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Callahan tapped for federal prosecutor’s job

It’s finally official. Judge Richard Callahan has been tapped to become the federal prosecutor for Eastern Missouri.
President Barack Obama announced his picks for four U.S. attorney openings on Friday. He chose Callahan, a circuit judge in Jefferson City, to take over the U.S. attorney’s office based in St. Louis. The previous U.S. attorney was Catherine Hanaway, a Republican appointee who stepped down in April. The others named last week are from Montana and Iowa.
“These nominees have displayed an unyielding dedication to serving the public good,” Obama said in a statement. “They are some of the most diligent, judicious and well-respected legal minds in the country.”
A Democrat, Callahan, 62, was first elected a Cole County judge in 2002. He is a former Cole County prosecutor and a former assistant circuit attorney in St. Louis. He earned his law degree from Georgetown University.
His appointment now goes to the U.S. Senate for confirmation. Still undetermined is who his counterpart across the state will be. Obama has yet to announce his pick to run the U.S. attorney’s office for the Western District of Missouri, based in Kansas City.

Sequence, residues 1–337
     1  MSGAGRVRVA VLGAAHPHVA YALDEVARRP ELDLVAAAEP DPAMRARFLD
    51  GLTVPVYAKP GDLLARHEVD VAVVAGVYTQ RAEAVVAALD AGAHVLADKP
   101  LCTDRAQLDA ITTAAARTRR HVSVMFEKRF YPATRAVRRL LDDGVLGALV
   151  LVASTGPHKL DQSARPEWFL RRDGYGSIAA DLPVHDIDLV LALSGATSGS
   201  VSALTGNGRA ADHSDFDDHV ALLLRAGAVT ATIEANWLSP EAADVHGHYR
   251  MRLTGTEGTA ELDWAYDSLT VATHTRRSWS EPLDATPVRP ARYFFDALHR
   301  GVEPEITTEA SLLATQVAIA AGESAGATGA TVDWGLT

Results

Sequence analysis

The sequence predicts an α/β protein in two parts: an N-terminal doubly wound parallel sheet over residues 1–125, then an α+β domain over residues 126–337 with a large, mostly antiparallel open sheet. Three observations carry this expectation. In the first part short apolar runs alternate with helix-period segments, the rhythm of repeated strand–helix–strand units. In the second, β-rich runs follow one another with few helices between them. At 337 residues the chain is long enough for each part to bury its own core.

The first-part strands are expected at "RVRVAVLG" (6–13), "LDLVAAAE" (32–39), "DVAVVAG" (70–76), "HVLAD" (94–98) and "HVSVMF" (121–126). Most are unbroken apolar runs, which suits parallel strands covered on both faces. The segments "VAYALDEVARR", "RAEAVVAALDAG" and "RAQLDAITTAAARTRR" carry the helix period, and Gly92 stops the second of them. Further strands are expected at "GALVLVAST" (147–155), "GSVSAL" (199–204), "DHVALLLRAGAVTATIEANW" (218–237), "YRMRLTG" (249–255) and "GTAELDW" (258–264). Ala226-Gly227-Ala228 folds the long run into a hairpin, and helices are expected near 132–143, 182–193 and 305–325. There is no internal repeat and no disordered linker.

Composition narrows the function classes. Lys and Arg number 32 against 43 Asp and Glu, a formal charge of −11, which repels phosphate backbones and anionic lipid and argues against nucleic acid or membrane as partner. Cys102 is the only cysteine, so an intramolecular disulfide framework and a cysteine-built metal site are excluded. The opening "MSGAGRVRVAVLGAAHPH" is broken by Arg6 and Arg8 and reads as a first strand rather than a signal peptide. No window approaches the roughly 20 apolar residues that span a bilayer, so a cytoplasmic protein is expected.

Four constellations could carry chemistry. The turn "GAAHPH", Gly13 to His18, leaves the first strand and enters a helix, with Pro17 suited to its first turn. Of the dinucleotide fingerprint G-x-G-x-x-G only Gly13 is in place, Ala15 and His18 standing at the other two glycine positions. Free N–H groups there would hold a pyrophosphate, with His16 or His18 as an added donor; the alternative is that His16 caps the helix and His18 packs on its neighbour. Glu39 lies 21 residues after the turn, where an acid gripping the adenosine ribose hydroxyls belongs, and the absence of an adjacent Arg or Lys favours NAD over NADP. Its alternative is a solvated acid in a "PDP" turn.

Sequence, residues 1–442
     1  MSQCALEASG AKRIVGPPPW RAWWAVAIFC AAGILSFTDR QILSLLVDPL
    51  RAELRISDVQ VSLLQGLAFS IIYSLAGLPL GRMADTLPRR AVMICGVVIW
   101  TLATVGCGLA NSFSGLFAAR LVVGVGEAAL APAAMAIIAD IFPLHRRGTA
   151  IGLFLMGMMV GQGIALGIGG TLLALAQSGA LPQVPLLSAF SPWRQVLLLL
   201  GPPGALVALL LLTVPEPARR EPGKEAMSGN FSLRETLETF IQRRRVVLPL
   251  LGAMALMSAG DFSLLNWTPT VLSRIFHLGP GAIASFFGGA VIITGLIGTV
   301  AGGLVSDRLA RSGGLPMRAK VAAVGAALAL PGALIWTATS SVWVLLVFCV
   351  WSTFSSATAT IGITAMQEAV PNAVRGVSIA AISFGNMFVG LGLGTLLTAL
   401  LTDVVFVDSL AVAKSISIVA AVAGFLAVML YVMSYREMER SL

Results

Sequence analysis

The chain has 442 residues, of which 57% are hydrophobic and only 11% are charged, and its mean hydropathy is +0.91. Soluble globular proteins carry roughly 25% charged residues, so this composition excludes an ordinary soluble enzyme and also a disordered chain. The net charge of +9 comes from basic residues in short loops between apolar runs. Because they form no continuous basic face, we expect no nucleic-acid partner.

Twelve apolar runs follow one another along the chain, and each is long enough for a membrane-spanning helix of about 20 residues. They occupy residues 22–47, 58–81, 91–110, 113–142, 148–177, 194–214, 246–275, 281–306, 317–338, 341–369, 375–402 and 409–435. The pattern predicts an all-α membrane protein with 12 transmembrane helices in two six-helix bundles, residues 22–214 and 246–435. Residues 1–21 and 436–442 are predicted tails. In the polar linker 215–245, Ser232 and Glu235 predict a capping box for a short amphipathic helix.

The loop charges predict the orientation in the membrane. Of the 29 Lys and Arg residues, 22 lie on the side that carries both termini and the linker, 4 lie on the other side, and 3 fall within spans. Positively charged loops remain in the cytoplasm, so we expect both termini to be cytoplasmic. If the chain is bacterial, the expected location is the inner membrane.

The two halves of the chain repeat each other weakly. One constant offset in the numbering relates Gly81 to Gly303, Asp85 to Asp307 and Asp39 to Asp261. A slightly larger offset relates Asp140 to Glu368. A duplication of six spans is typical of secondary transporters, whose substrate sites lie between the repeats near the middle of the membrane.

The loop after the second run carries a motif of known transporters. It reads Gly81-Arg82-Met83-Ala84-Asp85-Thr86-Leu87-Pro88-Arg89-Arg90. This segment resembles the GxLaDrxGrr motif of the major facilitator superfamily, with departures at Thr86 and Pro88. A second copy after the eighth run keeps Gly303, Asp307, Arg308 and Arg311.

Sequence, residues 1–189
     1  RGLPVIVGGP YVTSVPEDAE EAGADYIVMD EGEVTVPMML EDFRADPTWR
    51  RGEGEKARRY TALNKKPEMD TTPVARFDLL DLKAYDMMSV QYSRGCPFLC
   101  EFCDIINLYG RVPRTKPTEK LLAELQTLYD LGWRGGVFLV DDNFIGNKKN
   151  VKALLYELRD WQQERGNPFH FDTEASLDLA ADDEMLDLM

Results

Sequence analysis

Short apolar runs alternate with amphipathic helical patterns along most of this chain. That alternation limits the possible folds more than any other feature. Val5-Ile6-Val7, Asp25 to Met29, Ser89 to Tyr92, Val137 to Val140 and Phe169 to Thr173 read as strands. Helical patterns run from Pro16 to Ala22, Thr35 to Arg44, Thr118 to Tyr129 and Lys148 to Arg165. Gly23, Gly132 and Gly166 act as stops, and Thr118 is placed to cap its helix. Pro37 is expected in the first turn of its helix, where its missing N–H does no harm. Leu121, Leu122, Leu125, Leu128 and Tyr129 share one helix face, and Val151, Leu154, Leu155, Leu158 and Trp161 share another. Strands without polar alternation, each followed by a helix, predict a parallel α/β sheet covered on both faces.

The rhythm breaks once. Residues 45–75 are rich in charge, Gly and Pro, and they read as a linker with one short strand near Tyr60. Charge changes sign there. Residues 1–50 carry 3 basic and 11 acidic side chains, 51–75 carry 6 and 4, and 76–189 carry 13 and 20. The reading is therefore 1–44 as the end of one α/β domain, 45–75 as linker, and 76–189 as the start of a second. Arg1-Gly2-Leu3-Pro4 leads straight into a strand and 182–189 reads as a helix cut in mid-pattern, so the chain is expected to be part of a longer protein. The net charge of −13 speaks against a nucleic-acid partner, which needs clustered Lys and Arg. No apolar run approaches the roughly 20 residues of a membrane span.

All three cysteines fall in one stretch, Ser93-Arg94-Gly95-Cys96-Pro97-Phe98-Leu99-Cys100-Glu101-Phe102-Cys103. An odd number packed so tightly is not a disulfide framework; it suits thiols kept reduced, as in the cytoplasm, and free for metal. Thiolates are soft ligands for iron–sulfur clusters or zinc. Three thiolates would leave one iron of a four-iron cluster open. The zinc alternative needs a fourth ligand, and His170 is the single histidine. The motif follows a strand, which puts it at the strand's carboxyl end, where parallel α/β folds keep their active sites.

Callahan had been in St. Louis last week for the state judicial conference. Reached by phone, he referred a reporter to a brief written statement in which he thanked Missouri’s U.S. Sens. Claire McCaskill, a Democrat, and Kit Bond, a Republican, for their support.
“Mindful and respectful of the fact that this nomination still requires the advice and consent of the Senate, I have no further comment other than a pledge to the citizens of Cole County that I will continue to give a 100 percent effort to my current job as circuit judge as long as I occupy that position,” he said in the statement.
The judge declined further comment.
As a circuit judge in the state’s capital city, he has heard and ruled on a number of major cases, from legal challenges to ballot measures to the 2004 lawsuit that challenged Missouri’s method of funding public schools.
The Missouri Supreme Court just this month affirmed the judge’s decision upholding the state’s public school finance system as constitutional.
Another recent ruling he made upheld a state law that imposed a new fee for serving court papers and directed the money to a fund to raise deputy sheriffs’ pay.
But Callahan’s judicial experience hasn’t been limited to state law challenges. He also handled the gamut of cases in all areas of the law that confront judges, especially in smaller courthouses. For example, at times he spent his lunch break during the weeks-long school funding trial hearing and accepting pleas in criminal cases.
Callahan also this year threw out a man’s murder conviction, writing a sharply worded opinion that criticized the prosecutor in that case, Kenny Hulshof, who went on to become a Republican congressman and then ran for governor last year but lost to Democrat Jay Nixon. The judge found that prosecutors and investigators didn’t disclose some evidence that would have helped the defense and misrepresented some evidence at trial.